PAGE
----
Reliability and validity of the Turkish form of the Somatosensory Amplification Scale
Hüseyin Güleç, MD, Semsettin Günaltay Caddesi 156/7 Kazasker Istanbul, Turkey. Email: email@example.com
Abstract In this study, the authors aimed to investigate the reliability and validity of the Somatosensory Amplification Scale (SSAS) that was developed by Barsky et al. in the Turkish population. The study was carried out with 42 patients with Fibromyalgia Syndrome and Asthma Diseases attending to outpatient Physical Therapy and Rehabilitation and Chest Diseases clinics and 86 healthy students from Karadeniz Technical University. SSAS scores were normally distributed, and had acceptable test–retest reliability (r: 0.73) and internal consistency (α, 0.62–0.76). Item to scale correlations varied from 0.10 to 0.72, and most were highly significant. Whereas, one item (item 1) in the control group and one item (item 2) in the patients group had low item–total score correlation (r < 0.15). Criterion related validity of the SSAS was shown with significant correlation between the Symptom Interpretation Questionnaire, the Toronto Alexithymia Scale and the Symptom Check List 90 Revised somatization subscale. The validity analysis of the scale resulted in a very high significant difference (P < 0.01) between the mean SSAS scores of the control and patient’s group. Test–retest, internal reliability, and item–total score correlation, discriminating power for specific groups and criterion related validity of the SSAS show that the scale has acceptable reliability and validity for the Turkish population.
Barsky et al.1 proposed the idea of somatosensory amplification as a central predisposing factor to explain somatization. According to this hypothesis, somatizing individuals have the tendency to perceive normal physical sensations as unusually intense, noxious and disturbing.2 It was suggested that this was associated with the process of somatization.3 Somatosensory amplification has three elements: (i) A bodily hypervigilance to unpleasant bodily sensations; (ii) Selective focusing on certain weak and infrequent bodily sensations; and (iii) Reacting to bodily sensations with affection and cognition, tendency to appraise them more disruptive and threatening than they actually are.1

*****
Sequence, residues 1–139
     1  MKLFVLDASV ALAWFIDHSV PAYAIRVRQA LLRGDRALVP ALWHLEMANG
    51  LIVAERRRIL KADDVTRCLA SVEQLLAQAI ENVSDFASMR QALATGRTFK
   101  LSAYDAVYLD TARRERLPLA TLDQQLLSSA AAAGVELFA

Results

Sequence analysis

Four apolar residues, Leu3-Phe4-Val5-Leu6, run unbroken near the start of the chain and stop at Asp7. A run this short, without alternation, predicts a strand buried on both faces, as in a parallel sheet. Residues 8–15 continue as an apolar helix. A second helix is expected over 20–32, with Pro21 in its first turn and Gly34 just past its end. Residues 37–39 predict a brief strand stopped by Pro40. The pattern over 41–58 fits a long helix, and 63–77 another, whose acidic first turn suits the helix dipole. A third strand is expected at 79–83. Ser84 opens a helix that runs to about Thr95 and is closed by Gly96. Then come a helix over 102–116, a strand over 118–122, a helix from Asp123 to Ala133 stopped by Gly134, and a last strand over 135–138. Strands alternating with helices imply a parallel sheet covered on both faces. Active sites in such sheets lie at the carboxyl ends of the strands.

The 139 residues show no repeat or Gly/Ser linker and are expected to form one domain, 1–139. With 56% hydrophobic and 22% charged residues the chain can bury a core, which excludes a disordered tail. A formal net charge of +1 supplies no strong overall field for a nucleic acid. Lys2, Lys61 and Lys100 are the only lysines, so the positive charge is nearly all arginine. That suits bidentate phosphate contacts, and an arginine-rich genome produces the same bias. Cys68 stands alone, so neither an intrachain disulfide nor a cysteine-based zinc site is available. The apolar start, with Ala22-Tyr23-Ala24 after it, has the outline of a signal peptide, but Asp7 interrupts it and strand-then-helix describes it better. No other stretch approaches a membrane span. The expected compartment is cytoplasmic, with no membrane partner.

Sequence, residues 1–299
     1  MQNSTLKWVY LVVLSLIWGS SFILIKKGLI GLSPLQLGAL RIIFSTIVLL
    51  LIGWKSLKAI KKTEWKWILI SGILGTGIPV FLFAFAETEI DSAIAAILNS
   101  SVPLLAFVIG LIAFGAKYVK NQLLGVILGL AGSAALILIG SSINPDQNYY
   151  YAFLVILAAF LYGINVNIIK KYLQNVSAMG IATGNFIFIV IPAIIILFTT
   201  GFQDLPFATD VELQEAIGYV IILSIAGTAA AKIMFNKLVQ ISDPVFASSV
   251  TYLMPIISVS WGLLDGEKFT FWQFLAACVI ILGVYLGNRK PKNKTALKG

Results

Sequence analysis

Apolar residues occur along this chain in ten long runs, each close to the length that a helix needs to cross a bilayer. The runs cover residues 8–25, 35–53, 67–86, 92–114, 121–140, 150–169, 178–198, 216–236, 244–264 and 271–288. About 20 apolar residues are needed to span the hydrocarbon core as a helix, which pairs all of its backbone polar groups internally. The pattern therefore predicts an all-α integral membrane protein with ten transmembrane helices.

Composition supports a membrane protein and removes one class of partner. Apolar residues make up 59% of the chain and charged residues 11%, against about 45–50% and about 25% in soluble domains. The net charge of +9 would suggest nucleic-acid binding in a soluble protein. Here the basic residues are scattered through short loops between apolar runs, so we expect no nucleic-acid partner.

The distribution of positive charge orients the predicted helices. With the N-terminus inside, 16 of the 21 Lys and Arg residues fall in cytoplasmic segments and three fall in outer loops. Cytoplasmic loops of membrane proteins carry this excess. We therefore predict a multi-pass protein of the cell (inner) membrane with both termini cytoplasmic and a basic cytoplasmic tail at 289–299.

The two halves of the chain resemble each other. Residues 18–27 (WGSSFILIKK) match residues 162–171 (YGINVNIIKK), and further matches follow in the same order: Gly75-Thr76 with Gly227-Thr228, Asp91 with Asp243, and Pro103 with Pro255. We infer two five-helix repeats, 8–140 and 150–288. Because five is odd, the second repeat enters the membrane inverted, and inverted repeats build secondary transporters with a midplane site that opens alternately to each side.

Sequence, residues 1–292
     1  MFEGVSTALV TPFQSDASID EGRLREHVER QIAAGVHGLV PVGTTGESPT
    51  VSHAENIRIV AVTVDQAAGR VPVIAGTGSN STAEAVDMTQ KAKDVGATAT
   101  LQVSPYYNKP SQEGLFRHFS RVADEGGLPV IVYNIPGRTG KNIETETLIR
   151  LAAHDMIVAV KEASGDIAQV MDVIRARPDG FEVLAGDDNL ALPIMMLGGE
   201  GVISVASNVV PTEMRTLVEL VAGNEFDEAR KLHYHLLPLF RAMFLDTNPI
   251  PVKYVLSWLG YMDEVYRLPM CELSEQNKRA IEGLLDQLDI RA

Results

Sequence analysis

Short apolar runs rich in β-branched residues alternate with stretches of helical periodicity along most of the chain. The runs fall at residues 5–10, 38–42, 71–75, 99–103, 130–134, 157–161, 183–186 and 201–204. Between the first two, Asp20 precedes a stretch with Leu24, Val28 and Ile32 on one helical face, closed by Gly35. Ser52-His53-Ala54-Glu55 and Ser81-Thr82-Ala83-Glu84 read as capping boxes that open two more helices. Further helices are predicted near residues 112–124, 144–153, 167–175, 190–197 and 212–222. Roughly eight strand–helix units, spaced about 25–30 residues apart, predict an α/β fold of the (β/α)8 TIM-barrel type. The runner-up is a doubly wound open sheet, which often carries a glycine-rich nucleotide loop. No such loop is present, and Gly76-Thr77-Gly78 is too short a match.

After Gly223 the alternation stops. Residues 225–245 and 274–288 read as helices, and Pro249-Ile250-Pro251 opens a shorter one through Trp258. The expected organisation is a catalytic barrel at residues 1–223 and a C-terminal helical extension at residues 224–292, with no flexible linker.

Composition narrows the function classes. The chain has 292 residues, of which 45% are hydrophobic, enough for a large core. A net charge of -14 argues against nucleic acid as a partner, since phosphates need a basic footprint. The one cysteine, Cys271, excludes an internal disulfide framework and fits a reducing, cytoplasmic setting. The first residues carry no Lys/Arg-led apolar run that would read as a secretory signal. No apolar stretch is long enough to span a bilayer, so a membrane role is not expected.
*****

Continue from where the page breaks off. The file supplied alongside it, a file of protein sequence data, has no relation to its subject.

The Somatosensory Amplification Scale (SSAS) is a self-evaluating scale for measuring amplification while somatizing. The developers of the scale demonstrated that the scale had sufficient internal consistency and test–retest reliability.2 Barsky et al.2 hypothesized that bodily sensations of hypochondriac patients are unduly disturbed, a self-report questionnaire would necessarily have to assess the respondent’s sensitivity to mild bodily discomforts but which are not typical symptoms of disease. Somatizing medical outpatients were questioned regarding the uncomfortable but benign sensations they noticed; what sorts of bodily discomforts. Therefore, a large-item pool was established. By eliminating those who were ambiguous, redundant and unreliable, a 5-item scale was derived. This scale was found to have a test–retest reliability of 0.85, and internal consistency of 0.70 (Cronbach’s α). Subsequently, a more comprehensive 10-item expanded version of the scale was developed by Barsky et al.2 They established the test–retest reliability for the 10-item scale was 0.79, and internal consistency was 0.82 (Cronbach’s α). While item to scale correlations varied from between 0.31 and 0.66, and all were highly significant, item to item correlations varied from between not significant (NS) to 0.60; but most were in the range of 0.35 and were highly significant. Barsky et al.2 established in a criterion related validity study that the SSAS was significantly correlated with the Whiteley index (WI), which measures hypochondriac tendencies, and the Somatic Symptom Inventory (SSI) both for the control group and hypochondriac patients group (except for SSI; r: 0.60/0.43, 0.44/0.20, respectively). Convergent validity studies reported that the SSAS predicted hypochondriasis and somatization tendencies significantly.2,4,5 Aronson et al.6 demonstrated that the SSAS was more likely an index of negative emotionality and general distress than a valid measure of somatic sensitivity per se. While Wise and Mann5 observed that the SSAS was the strongest predictor of neuroticism in male subjects, they failed to establish the same result for female subjects. The SSAS was demonstrated to be the best predictor for depression, anxiety and alexithymia for patients with chronic pain by Kosturek et al.7